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Kosovo Crisis Update

Kosovo Crisis Update

6 April 1999

The Exodus

As the humanitarian crisis in Kosovo continued to deepen, tens of thousands of refugees flooded into Albania Monday and Tuesday, many reporting atrocity stories of summary execution and torture.

UNHCR field staff said at least 25,000 Kosovars arrived at the main Albanian border point at Morini between Monday and Tuesday mornings and a further 15,000 at the mountain frontier of Qafa Prushit, bringing the estimated total to 262,000.

Virtually every Kosovar arriving at Qafa Prushit came on foot "in very, very bad physical condition" according to field workers, some with reports of widespread atrocities. Though these reports could not be independently verified, refugees interviewed told similar tales of irregulars belonging to the so-called Arkan group unleashing a wave of teror in the Djakovica area of Kosovo.

They said men were both being tortured and even executed in front of their families. There were, in fact, few men crossing the border Monday with the women, children and elderly.

The situation at the crossing itself was extremely tense. Serbian police stationed just opposite the Albanian border post warned journalists they would shoot if the correspondents approached. Aid officials were told to withdraw 500 metres from the crossing.

Morini was again deluged with a wave of humanity. Many people came by car and there was a huge wagon train of vehicles waiting to cross. Others travelled by bus and were dropped off several kilometres from the border and walked to the crossing. The arrivals came from several parts of Kosovo - Pristina, Mitrovica and Glogovac.

Increased supplies of food were reaching the refugees in Albania. A total of 60 metric tons of food was lifted by helicopter and trucks to the main refugee staging point at Kukes.

Four cases of measles were reported among the refugees and vaccines are being shipped into the area immediately to try to contain any larger outbreak.

In Macedonia an estimated 14,000 people had been moved from the chaotic border area into transit centres. About half were accommodated at Brazda and another 7,000 at four tented sites at Radusa, Neprosteno, Bojane and Stankovic, all of which can accommodate additional refugees.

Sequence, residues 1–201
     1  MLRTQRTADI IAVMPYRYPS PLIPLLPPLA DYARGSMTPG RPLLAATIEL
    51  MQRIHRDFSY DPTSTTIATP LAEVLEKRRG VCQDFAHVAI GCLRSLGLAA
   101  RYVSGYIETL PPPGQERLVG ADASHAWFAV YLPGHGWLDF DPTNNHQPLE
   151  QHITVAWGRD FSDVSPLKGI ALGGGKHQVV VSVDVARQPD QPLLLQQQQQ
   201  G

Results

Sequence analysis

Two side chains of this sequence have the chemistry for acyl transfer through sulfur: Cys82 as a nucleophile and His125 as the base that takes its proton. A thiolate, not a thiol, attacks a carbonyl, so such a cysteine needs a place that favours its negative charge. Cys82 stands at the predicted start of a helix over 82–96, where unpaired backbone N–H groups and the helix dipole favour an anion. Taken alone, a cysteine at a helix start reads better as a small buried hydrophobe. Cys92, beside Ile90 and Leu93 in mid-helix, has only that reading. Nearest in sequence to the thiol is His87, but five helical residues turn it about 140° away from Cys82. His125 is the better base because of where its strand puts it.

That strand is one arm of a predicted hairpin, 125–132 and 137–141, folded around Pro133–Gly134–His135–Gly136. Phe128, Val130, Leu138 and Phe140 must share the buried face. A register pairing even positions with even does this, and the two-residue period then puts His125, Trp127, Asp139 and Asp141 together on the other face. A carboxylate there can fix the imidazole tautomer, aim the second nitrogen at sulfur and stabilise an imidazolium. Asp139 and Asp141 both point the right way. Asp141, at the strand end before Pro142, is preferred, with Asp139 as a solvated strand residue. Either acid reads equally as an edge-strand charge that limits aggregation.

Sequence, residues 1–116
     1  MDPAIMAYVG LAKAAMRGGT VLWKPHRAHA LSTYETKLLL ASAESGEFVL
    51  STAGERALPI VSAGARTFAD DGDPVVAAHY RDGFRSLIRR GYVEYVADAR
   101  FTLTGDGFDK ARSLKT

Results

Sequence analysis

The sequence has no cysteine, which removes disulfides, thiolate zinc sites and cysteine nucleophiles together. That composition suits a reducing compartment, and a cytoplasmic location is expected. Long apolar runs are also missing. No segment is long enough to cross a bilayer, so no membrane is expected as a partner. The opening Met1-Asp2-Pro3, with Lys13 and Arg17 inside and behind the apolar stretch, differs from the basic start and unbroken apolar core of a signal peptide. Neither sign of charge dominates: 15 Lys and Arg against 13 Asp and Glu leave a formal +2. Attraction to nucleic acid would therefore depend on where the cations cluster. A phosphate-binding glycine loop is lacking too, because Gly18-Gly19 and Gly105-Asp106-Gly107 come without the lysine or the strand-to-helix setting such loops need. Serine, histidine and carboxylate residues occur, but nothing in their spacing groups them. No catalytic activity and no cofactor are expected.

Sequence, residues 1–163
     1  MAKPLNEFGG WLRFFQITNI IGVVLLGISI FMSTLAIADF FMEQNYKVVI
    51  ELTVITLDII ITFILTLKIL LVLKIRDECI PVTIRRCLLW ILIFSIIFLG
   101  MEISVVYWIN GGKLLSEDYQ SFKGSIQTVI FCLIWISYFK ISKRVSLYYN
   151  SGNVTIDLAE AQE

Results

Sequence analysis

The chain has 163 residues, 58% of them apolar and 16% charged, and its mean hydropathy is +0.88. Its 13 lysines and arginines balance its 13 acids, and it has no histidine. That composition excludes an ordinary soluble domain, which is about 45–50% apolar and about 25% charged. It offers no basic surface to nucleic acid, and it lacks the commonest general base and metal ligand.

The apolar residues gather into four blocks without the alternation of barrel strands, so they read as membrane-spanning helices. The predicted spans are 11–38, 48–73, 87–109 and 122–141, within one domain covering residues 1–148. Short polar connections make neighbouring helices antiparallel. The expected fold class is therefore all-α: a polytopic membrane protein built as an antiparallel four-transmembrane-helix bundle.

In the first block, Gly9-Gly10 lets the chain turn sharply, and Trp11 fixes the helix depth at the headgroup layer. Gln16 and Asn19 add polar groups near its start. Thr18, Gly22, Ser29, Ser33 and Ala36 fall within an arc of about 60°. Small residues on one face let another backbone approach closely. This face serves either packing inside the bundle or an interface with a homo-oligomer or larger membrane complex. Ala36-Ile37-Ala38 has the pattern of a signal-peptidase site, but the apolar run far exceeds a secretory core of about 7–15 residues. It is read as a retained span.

Throughout Monday UNHCR officials and a food convoy were harassed by government officials at Bojane, before NATO officials intervened. There were also continuing difficulties with registration procedures. UNHCR has yet to receive a single registration list or advance notification of when, where and how refugees are being moved from the border area.

That region remained chaotic with at least 65,000 people milling around in muddy, open fields in no-mans land, while the nearby centres remained partially empty.

In Montenegro, an estimated 1,000 refugees arrived Monday in Rozaje from the Kosovo region of Istok after walking for 13 hours. A bridge on the main road from Montenegro to Mitrovica was blown up by NATO airstrikes during the weekend, possibly halting an earlier movement of refugees from that region.

The Istok refugees said military operations began in that region a week earlier and many people had been hiding in nearby woods since then. Shelling began again during the weekend.

Earlier arrivals in Montenegro are now being moved to camping sites on the coast where they are being housed in tents.

Emergency meeting

High Commissioner Sadako Ogata said Tuesday the enforced exodus from Kosovo was a deliberate attempt to "destroy its collective identity." She told an emergency international meeting in Geneva that the expulsion of huge numbers of Kosovars was "forced, planned and directed" which made the crisis "all the more unmanageable and destabilizing."

Mrs. Ogata delivered her remarks to the opening session of the Humanitarian Issues Working Group (HIWG) which was convened to review the crisis and its implications for countries inside and outside the region. Fifty-six nations including Albania, the Federal Republic of Yugoslavia and the FYR of Macedonia attended the one-day session as well as the heads of humanitarian agencies and non-governmental organizations.

The High Commissioner repeated a call she made earlier in the emergency, urging countries beyond Kosovo's immediate neighbours to take in refugees on a temporary basis to help ease the immediate crisis.

Longterm, she said, "Solutions for the overwhelming majority means returning to their homes as soon as possible" backed by a strong international commitment to the stability of Kosovo.


UNHCR issued a set of guidelines and criteria covering temporary refuge as the first officially evacuated refugees left the region. UNHCR said all evacuations had to be on a voluntary basis only, with every effort made to respect family unity and, wherever possible, family reunification in cases where members have been separated during their initial flight. Priority should be given to particularly vulnerable people or those with special needs, though everyone should be medically fit to sustain travel.

Thus far a total of 70,000 places have been made available to Kosovars including 20,000 to Germany and other European Union countries, 20,000 each to the United States and Turkey and 5,000 each to Canada and Norway.

Ninety people left Monday for Norway. Another 1,360 went to Turkey, but UNHCR expressed concern that the majority of these people had not been properly registered before they left. A special UNHCR team was en route to Skopje to handle future refugee registration.